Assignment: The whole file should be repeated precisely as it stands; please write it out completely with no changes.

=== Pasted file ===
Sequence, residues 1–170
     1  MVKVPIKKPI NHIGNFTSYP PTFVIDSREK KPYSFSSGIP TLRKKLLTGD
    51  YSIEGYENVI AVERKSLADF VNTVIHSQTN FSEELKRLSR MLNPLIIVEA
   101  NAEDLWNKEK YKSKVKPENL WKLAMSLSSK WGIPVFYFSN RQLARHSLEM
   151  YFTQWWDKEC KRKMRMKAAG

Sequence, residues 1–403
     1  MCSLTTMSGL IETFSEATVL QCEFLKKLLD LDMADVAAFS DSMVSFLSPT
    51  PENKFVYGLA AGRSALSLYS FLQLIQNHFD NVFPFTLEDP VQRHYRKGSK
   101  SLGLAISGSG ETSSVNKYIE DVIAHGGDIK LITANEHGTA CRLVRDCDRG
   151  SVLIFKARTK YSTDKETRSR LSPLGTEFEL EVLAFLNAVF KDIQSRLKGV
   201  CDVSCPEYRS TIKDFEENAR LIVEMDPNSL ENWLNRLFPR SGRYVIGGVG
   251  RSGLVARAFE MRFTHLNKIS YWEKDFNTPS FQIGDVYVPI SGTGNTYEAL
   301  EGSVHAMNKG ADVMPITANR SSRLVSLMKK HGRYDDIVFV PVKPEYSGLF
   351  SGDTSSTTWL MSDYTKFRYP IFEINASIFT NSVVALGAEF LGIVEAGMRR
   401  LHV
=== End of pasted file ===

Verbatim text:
Sequence, residues 1–170
     1  MVKVPIKKPI NHIGNFTSYP PTFVIDSREK KPYSFSSGIP TLRKKLLTGD
    51  YSIEGYENVI AVERKSLADF VNTVIHSQTN FSEELKRLSR MLNPLIIVEA
   101  NAEDLWNKEK YKSKVKPENL WKLAMSLSSK WGIPVFYFSN RQLARHSLEM
   151  YFTQWWDKEC KRKMRMKAAG

Sequence, residues 1–403
     1  MCSLTTMSGL IETFSEATVL QCEFLKKLLD LDMADVAAFS DSMVSFLSPT
    51  PENKFVYGLA AGRSALSLYS FLQLIQNHFD NVFPFTLEDP VQRHYRKGSK
   101  SLGLAISGSG ETSSVNKYIE DVIAHGGDIK LITANEHGTA CRLVRDCDRG
   151  SVLIFKARTK YSTDKETRSR LSPLGTEFEL EVLAFLNAVF KDIQSRLKGV
   201  CDVSCPEYRS TIKDFEENAR LIVEMDPNSL ENWLNRLFPR SGRYVIGGVG
   251  RSGLVARAFE MRFTHLNKIS YWEKDFNTPS FQIGDVYVPI SGTGNTYEAL
   301  EGSVHAMNKG ADVMPITANR SSRLVSLMKK HGRYDDIVFV PVKPEYSGLF
   351  SGDTSSTTWL MSDYTKFRYP IFEINASIFT NSVVALGAEF LGIVEAGMRR
   401  LHV